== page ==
HIPAA Privacy & Security: What You Need to Know

Providence expects that all workforce members and those with access to our electronic health records will protect our patients’ information in accordance with the HIPAA privacy and security rules and applicable state laws. This tip sheet highlights key HIPAA focus areas. In a time of increasing government enforcement, fines and potential jail time, these tips will help you do the right thing.

  • Never view patient records outside your scope of work. Only view records relevant to performing your job. No peeking!
  • Never share your ID or passwords with anyone and do not allow others to use the computer while you are logged in. 
  • Don’t leave your password written down near your computer. Make certain to lock or log off your computer when you step away.
  • Understand what qualifies as protected health information (PHI). Examples of PHI include:
    • Names and addresses
    • Telephone/Fax Numbers
    • Email Addresses
    • Social Security Numbers
    • Medical Record Numbers
    • Dates that include Dates of Birth, Death, Admission, Discharge
    • Full-Face Photos and Comparable Images of Patients
  • Use secure shredder bins to dispose of documents containing PHI or other confidential information. Never recycle documents containing confidential information.
  • Keep PHI out of sight and secure it when not in use to prevent unauthorized access.
  • Avoid patient-related discussions in public areas.
  • You are responsible for keeping information received at work confidential. Do not post PHI or other confidential information to social networking sites such as Facebook or Twitter. This is a serious HIPAA violation and constitutes a breach.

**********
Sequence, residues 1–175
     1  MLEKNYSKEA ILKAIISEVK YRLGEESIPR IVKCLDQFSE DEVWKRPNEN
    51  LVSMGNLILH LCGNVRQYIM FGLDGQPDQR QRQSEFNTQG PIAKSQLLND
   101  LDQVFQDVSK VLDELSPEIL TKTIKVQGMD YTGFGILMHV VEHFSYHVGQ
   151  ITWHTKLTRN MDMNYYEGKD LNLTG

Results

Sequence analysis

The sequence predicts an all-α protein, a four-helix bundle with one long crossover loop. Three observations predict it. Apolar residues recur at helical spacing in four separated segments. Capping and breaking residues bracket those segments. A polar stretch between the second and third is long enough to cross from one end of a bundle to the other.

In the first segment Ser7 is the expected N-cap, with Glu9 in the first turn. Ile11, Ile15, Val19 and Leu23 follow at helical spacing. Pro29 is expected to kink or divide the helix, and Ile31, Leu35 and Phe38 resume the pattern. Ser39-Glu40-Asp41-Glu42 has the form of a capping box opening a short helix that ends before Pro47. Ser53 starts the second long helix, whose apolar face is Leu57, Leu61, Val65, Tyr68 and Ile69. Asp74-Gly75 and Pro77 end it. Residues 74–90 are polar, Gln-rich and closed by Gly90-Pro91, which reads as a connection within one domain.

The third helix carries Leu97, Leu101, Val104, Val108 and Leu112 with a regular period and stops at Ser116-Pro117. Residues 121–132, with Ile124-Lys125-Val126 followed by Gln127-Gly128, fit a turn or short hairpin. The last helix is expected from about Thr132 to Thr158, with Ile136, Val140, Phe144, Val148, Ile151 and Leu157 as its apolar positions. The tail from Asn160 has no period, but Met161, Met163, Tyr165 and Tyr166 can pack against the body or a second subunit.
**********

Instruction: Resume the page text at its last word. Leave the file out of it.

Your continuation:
• Always use a cover sheet when transmitting information by fax. Do not put confidential information on the cover sheet.
  • Before discarding pill bottles, IV bags, vials or other items with labels containing PHI, black out the information or remove the labels and dispose of them in the shredder bin.
  • Understand what constitutes a breach. A breach is defined as the unauthorized acquisition, access, use, or disclosure of PHI which compromises the security or privacy of the information. Health care professionals that violate privacy laws and regulations, and commit a breach can face very serious consequences. These can include progressive discipline, up to and including termination. Health care professionals may also face criminal prosecution and civil penalties up to $250,000. The best way to prevent a breach is to always keep the information obtained at work confidential and follow proper security practices when dealing with PHI. 
  • Examples of breaches include: 
    • Viewing patient records without the “need to know”
    • Throwing PHI in the trashcan instead of the shredder bin
    • Giving discharge summaries and prescriptions to the wrong patient
    • Posting patient information/PHI to social networking sites or blogs
    • Sending faxes with confidential information to the wrong recipient
  • Understand how to report a compliance issue or suspected breach:
    1. Discuss the issue or concern with your immediate supervisor
    2. Discuss the issue or concern with the department manager
    3. Contact your local or regional compliance or privacy representative
    4. Call the Providence Integrity line at (888)294-8455. The Integrity Line is available toll-free 24 hours a day, 7 days a week.You may report concerns anonymously
  • Consult Providence’s Code of Conduct when you have questions about doing the right thing. The Code will help you understand Providence expectations and the importance of being honest and fair in all of our business interactions with customers, patients, members, payers and vendors. The Code details how to report a violation or concern about potential illegal or inappropriate actions. Copies of the Code in different languages can also be found online.
  • In addition to the Code of Conduct, Providence policies on Conflict of Interest, Fraud & Abuse, Vendor Relations, Non-Retaliation and Confidentiality are available on the Providence website.

Remember to always ask questions when you are in doubt!